Beyond the obvious fact that the Republican-led Congress completely abdicated their legislative and oversight responsibilities for five years, there have been two principal reasons the Bush administration has been able to break the law with impunity and to continue to govern with no accountability -- (1) a listless and compliant press which has done very little to reveal and make Americans aware of the true nature and extent of these abuses, and (2) the administration's obsessive maintenance of a wall of secrecy which has concealed its behavior from the public and thus prevented the public (and the media) from really understanding what their Government has been doing. While little is going to change with the former, the Democrat-controlled Congress does have the ability to tear down that wall of secrecy and truly shed light on how radical and lawless this administration has been.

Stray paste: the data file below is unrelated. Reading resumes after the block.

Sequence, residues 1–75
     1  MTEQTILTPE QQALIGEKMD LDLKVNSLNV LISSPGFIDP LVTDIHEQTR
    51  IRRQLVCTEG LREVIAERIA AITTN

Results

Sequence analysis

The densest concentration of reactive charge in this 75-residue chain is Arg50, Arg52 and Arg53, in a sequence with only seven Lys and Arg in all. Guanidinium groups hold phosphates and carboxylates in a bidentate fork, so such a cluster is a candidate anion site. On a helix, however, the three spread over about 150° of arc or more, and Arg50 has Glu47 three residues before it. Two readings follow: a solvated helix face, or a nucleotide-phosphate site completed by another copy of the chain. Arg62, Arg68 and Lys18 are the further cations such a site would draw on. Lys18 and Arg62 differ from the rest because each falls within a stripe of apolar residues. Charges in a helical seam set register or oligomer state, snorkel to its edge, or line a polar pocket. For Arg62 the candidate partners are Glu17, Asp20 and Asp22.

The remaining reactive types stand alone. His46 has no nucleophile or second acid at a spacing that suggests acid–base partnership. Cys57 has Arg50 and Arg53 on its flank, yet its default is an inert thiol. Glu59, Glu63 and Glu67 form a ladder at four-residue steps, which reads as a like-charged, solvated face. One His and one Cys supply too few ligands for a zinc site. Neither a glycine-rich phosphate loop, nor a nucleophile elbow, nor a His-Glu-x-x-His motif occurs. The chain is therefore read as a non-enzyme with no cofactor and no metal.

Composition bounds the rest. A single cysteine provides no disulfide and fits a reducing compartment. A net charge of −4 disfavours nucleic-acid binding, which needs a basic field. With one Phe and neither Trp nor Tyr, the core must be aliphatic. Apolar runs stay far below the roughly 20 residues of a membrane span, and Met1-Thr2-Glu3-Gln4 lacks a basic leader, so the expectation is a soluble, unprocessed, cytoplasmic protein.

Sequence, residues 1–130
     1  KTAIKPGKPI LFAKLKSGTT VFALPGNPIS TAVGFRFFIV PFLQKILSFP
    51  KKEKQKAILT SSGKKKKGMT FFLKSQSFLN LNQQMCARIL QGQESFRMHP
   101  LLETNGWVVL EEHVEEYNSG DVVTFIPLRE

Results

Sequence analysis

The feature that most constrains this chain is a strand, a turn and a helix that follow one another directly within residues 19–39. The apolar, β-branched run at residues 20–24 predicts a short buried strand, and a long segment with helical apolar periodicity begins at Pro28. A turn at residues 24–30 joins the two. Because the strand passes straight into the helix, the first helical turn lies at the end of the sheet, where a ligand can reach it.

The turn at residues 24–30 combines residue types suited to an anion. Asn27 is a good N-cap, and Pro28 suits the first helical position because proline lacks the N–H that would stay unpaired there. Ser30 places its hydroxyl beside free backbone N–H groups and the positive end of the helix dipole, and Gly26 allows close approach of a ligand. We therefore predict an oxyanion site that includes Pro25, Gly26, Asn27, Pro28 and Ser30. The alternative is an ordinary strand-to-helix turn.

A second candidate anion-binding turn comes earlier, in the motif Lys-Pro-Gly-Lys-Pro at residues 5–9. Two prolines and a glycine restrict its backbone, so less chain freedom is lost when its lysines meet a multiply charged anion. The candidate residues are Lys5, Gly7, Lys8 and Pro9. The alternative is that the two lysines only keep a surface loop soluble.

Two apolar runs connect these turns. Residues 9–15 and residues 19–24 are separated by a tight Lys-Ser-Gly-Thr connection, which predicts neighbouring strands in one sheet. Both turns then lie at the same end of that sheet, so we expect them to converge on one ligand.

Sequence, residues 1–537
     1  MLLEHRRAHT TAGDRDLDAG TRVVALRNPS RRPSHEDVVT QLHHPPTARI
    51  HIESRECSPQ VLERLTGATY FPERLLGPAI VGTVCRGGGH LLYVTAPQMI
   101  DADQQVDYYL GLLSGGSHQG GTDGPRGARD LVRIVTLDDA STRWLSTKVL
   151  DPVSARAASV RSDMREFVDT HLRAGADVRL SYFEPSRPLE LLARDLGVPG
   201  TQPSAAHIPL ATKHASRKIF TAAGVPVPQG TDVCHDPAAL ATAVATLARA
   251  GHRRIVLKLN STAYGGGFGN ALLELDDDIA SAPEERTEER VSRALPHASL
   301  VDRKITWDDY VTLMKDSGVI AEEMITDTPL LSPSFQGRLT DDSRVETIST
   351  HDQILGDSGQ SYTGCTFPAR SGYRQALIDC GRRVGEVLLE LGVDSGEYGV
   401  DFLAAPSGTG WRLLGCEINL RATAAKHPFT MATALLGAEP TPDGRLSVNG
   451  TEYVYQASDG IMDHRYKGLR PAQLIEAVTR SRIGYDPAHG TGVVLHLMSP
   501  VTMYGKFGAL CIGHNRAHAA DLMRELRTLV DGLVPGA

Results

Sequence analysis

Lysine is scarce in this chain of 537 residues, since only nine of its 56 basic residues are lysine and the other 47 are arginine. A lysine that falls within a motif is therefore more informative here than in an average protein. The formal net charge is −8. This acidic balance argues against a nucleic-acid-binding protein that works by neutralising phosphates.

Far more than legislative solutions right now (which have no chance of succeeding), what we urgently need are compelled, subpoena-driven, aggressive hearings designed for maximum revelation and drama. Hearings are able, in a dramatic and television-news-friendly environment, to shed light on how extreme and radical this administration really has been in all of these areas. More than trying to repeal the worst legislative abuses of the last Congress, hearings -- real and dramatic and probing -- were the real promise of electing Democrats to take over the Congress. It is time -- and it is beginning to be past the time -- for that to start in earnest.

You can't convince Americans of the need to stop abuses until you demonstrate to them in a dramatic and undeniable way that those absues are being perpetrated and that they are harmful and dangerous.

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Democrats in Congress need to realize right now that the administration will not produce or disclose any meaningful evidence unless and until they are truly forced to do so, and forcing them to disclose meaningful information is going to require a willingness to fight hard.